In the morning of November 25, the first Austrian troops entered into the city. By 6:00 p.m., the last Prussians troops left. However, this garrison was mostly composed of Silesian recruits who deserted the Prussian cause. Thus from a garrison which originally consisted of 11 battalions (4 regiments, each of 2 battalions, and 3 other battalions) for a total of 132 staff officers, 358 NCOs and 3,629 men; only 20 staff officers, 151 NCOs, 12 drummers and 316 men withdrew from Breslau with poor Lestwitz. A battalion of Jung-Braunschweig-Bevern Fusiliers (a former Saxon regiment) who still counted 21 staff officers, 50 NCOs, 16 drummers and 660 privates massively deserted. Only 9 officers, 1 NCO, 1 drummer and 2 privates remained loyal to Prussia. According to other sources, 2 lieutenants and 1 engineer-lieutenant carried the colours of that battalion because only 1 NCO was still with the battalion. Soldiers of this battalion who had their post on the main market did not wait, abandoned their muskets and fled. The children played with muskets and regimental drums afterwards. The Prussian garrison had abandoned 98 guns and endless magazines and stores of war in Breslau.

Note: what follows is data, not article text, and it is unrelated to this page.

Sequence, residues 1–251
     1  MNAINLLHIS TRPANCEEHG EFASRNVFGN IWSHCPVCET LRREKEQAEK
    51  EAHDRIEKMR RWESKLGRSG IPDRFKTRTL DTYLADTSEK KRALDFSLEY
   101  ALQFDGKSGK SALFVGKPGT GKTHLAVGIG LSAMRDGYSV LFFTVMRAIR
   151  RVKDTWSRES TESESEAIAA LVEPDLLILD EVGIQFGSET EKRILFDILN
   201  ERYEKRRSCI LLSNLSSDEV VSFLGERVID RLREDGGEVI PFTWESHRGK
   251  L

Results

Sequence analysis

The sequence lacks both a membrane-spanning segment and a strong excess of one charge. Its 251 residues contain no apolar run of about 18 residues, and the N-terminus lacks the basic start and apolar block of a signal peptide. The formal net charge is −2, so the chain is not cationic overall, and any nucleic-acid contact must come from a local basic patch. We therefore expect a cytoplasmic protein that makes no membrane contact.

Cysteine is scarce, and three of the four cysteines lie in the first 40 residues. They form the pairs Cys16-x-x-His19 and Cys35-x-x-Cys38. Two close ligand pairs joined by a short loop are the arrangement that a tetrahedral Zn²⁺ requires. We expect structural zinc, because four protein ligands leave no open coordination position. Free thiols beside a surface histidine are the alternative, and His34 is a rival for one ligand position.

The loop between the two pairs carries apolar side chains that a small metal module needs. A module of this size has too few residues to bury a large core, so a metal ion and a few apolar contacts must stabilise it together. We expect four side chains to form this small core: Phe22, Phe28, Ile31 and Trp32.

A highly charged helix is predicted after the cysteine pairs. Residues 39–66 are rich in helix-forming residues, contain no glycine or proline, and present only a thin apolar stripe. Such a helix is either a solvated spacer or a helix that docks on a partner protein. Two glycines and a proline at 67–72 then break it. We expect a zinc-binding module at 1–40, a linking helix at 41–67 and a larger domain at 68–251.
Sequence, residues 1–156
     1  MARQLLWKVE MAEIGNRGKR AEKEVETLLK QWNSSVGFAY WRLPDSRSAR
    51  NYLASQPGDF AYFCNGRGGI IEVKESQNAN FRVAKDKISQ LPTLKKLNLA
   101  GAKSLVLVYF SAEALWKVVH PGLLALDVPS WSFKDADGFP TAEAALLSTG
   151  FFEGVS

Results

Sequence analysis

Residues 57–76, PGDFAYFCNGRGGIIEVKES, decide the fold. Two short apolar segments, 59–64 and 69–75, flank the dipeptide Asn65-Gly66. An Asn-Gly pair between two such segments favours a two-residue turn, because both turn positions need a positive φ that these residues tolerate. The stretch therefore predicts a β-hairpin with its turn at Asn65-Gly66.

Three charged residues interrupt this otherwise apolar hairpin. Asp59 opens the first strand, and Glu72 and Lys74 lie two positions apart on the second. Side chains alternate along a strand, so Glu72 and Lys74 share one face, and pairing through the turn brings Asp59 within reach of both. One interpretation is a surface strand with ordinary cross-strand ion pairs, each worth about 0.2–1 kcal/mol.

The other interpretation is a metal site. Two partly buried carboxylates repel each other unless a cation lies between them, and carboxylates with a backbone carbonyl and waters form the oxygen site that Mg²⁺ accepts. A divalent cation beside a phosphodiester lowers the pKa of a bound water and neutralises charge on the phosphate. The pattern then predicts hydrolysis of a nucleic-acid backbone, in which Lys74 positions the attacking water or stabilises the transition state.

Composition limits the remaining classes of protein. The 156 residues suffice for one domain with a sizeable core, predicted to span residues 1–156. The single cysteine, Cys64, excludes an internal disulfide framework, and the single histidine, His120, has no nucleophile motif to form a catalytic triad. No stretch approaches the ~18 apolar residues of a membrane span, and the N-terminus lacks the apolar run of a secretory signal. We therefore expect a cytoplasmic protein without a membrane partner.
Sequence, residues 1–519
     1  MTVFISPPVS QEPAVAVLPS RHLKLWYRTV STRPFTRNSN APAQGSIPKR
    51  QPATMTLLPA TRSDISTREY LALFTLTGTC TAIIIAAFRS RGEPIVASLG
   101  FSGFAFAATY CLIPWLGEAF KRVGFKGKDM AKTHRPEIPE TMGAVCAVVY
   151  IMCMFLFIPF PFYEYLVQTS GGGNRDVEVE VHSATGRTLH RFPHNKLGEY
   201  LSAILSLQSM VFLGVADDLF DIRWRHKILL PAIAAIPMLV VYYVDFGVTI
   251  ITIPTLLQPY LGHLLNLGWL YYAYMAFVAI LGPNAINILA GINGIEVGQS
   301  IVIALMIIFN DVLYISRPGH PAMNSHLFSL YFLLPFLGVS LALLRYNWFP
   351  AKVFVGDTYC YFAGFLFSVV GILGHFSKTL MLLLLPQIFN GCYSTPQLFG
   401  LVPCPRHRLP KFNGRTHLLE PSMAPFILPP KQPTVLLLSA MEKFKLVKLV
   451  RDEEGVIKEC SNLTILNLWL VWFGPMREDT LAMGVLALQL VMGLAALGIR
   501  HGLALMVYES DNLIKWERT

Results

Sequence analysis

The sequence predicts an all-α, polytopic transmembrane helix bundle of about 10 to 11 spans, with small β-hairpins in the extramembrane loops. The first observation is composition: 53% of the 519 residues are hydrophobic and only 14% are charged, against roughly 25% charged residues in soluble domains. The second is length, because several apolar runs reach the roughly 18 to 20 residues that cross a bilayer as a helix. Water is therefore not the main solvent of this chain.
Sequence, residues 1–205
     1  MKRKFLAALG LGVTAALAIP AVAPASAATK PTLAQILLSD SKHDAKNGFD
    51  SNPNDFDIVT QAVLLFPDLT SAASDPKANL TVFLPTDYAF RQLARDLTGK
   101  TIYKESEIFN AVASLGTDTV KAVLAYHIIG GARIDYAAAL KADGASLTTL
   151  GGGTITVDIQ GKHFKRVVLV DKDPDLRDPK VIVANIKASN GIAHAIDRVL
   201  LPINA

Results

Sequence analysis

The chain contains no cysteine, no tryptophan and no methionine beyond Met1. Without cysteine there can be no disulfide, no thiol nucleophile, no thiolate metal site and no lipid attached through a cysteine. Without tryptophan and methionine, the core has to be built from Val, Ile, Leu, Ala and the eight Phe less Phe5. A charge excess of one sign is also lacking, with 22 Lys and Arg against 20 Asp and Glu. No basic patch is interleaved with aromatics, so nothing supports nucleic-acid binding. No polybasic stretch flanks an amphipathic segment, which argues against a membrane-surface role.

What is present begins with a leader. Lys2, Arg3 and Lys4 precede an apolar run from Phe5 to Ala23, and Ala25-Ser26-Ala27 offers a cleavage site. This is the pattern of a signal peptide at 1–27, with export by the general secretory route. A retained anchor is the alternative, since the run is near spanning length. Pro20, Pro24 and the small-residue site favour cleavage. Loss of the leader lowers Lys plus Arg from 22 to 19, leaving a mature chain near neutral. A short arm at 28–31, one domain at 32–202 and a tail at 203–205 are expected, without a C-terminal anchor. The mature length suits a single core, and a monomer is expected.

The Austrians garrisoned Breslau with 6,000 men under FML Baron Sprecher.

Exchange of letters

On November 25 at Naumburg an der Queis, Frederick, who was on the march to come to the relief of Bevern's army, was informed of the defeat of Breslau (but not of the capture of Bevern). He immediately sent two letters to Bevern. Kyau received the first one on November 26 at 7:30 p.m., the second at 10:00 p.m. the same day. In both letters, Frederick stressed the importance of Breslau, forbidding to surrender the city under all circumstances...

For his part, Kyau had already sent a letter to the king on November 24 to inform him of the capture of Bevern and of the march of the army to Schlebitz and further to Glogau (present-day Glogow) due to previous order issued by Bevern before his capture.